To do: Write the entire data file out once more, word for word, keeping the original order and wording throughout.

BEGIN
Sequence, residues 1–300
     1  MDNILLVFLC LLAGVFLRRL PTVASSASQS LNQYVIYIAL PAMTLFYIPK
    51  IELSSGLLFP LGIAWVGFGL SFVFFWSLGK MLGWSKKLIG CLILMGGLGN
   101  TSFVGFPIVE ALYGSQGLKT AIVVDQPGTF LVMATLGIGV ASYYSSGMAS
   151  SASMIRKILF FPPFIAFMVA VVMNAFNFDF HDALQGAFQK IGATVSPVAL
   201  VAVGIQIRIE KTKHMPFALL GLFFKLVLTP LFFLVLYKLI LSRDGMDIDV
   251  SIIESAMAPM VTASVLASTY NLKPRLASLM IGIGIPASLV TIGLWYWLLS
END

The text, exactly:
Sequence, residues 1–300
     1  MDNILLVFLC LLAGVFLRRL PTVASSASQS LNQYVIYIAL PAMTLFYIPK
    51  IELSSGLLFP LGIAWVGFGL SFVFFWSLGK MLGWSKKLIG CLILMGGLGN
   101  TSFVGFPIVE ALYGSQGLKT AIVVDQPGTF LVMATLGIGV ASYYSSGMAS
   151  SASMIRKILF FPPFIAFMVA VVMNAFNFDF HDALQGAFQK IGATVSPVAL
   201  VAVGIQIRIE KTKHMPFALL GLFFKLVLTP LFFLVLYKLI LSRDGMDIDV
   251  SIIESAMAPM VTASVLASTY NLKPRLASLM IGIGIPASLV TIGLWYWLLS